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Sunday, 30 June 2019 00:00

Indonesian Opens Data on Palm Oil and Peat in Norway

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Peat Contribution and Sustainable Palm Oil in Achieving the Sustainable Development Goals" Peat Contribution and Sustainable Palm Oil in Achieving the Sustainable Development Goals" kemenlu

Collective efforts of the government, business circles and the community are considered successful in maintaining the sustainability of peatlands and oil palm. This was raised in a seminar entitled "Peat Contribution and Sustainable Palm Oil in Achieving the Sustainable Development Goals" organized by the Indonesian Embassy in Oslo (28/6) in the Norwegian Business Confederation meeting building (Næringslivets Hovedorganisasjon / NHO) in Oslo, Norway. The seminar was attended by around 80 (eighty) participants from government, academia, business, and NGOs in Norway.

The Indonesian Ambassador to Norway and Iceland, Todung Mulya Lubis, said that the seminar aimed to provide the Norwegian public with the latest understanding of the contribution of the sustainable palm oil and peat head industry to efforts to achieve the targets of Sustainable Development Goals (SDG) in Indonesia.

"Indonesia's success in preserving oil palm and peat cannot be separated from the collective work of the government, business, and society," said Ambassador Mulya Lubis. "The visit of the Minister of Climate and Environment of Norway to West Papua in February 2019, can witness firsthand the success of Indonesia in preserving the environment. Indonesia can intensify sustainable palm production without reducing the area of ​​forests in West Papua. "

Present as a speaker was Nazir Foead, Head of the Peat Restoration Agency (BRG); Dono Boestami, President Director of the Palm Oil Plantation Fund Management Agency (BPDP-KS); Vemund Olsen, Rainforest Foundation Norway; Prof. Yanto Santosa, Bogor Agricultural Institute (IPB); Togar Sitanggang, Deputy General Chair of the Indonesian Palm Oil Businessmen Association (GAPKI); Kristine Vergli Grant-Carlsen, CEO of St1 Norway energy company; Axel Heiberg-Andersen, Corporate Communication Manager of Nestlé Norway; Prof. Pietro Paganini, John Cabot University, Rome; and moderator Pål Davidsen from Rud Pedersen.

Marit Vea, Political Advisor for Norway's Minister of Climate and Environment, said that Norway and Indonesia needed to find a solution to the palm oil issue. "We have managed to find a common interest in the REDD + environmental cooperation program and the Comprehensive Economic Partnership Agreement (CEPA)," said Marit Vea.

As is known, the Norwegian Parliament in 2017 issued a resolution to reduce the use of palm oil in circulating biodiesel products in Norway. On the other hand, Indonesia continues to strive for the quality of sustainable palm oil, one of which is through the biodiesel program.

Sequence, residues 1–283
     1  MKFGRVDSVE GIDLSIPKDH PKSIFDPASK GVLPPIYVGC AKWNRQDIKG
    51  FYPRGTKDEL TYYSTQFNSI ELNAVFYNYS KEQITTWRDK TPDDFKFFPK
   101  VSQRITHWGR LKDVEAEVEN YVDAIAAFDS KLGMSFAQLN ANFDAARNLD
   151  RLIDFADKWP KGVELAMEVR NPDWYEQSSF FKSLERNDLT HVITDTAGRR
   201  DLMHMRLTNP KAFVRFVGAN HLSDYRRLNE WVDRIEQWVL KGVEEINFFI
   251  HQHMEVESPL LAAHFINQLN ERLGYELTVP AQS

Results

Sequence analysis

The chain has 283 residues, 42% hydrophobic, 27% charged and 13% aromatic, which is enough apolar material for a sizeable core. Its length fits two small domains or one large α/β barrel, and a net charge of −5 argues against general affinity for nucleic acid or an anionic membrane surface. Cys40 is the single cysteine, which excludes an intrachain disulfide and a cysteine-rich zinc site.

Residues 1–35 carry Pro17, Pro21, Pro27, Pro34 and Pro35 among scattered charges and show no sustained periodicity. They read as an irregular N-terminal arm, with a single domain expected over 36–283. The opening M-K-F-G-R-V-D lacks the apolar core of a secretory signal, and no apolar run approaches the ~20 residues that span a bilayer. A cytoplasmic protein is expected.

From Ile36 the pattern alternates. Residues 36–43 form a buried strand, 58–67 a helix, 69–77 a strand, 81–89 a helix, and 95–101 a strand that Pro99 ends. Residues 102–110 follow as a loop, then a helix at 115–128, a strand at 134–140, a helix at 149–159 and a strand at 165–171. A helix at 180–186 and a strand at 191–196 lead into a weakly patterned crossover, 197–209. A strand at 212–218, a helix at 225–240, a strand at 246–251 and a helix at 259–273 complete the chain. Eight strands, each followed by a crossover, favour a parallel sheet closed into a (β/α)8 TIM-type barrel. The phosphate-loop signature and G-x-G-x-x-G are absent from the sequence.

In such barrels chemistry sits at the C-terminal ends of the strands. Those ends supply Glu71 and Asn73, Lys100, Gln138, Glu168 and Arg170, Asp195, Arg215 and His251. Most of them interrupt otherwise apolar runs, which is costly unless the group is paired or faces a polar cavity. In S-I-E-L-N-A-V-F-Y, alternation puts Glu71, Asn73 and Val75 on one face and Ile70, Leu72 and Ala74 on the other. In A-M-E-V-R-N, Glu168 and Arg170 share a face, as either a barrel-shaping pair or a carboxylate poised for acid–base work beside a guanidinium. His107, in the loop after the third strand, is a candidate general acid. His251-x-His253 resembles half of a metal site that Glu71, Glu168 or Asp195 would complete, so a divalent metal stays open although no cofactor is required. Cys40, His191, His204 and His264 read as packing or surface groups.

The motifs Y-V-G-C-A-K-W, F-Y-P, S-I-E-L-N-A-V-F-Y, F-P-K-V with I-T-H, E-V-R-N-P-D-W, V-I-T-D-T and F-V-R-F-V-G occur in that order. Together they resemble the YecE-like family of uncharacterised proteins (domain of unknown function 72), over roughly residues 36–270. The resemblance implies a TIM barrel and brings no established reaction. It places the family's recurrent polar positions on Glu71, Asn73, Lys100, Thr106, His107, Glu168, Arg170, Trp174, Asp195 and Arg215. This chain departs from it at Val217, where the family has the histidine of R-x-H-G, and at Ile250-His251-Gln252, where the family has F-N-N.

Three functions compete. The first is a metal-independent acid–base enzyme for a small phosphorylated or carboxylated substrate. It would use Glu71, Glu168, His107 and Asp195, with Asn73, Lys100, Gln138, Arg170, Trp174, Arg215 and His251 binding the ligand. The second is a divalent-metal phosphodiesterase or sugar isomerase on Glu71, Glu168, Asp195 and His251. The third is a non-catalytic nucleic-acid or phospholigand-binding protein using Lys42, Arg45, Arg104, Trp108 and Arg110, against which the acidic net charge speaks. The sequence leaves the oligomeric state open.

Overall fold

"Indonesia is developing technology to convert palm oil into bio-hydrocarbon fuel to produce green diesel, green gasoline and green avtur," said Dono Boestami, Managing Director of BPDP-KS.

Rainforest Foundation Norway, NGOs that are critical of environmental policies in Indonesia actually appreciate the success of environmental preservation in the country lately. "This achievement needs to be appreciated, but a long-term policy is needed to maintain a good trend in environmental preservation in Indonesia," Vemund Olsen said.

Responding to this, the Head of BRG, Nazir Foead, revealed Indonesia's secrets of successfully reducing forest fire hotspots. "Indonesia is developing a peatland monitoring system technology called peatland resotration information and montoring system (PRIMS), which is integrated, online, and directly connected with the Office of the President of the Republic of Indonesia," said Nazir Foead.

Meanwhile, Prof. Yanto Santosa from IPB presented statistical data and historical facts that oil palm is not a direct cause of deforestation of tropical rainforests in Indonesia. The loss of tropical rainforests was drastically caused by transmigration policies in the 1960s, the issuance of Forest Concession Rights (HPH) in the 1970s, and massive forest fires. "The transmigration commodity was not originally oil palm, but coffee, chocolate, candlenut, pepper, and other plantation products. But people tend to compare between past and present only, but forget about the history. Instead, the oil palm planted began contributing to greening of deforested forests in the 1980s, "said the Professor of IPB.

Furthermore, ST1 Norway's energy company claimed at least 40% of the total biofuel was used in the Nordic region. Unfortunately, deforestation has resulted in palm oil getting a serious rejection in Norway. This was justified by Nestle Norway, which became the target of Greenpeace's environmental campaign in 2010. Since then, Nestle has been a member of the Roundtable on Sustainable Palm Oil (RSPO) and targets 100% using certified palm oil products in 2020. (indonesian embassy Oslo) 

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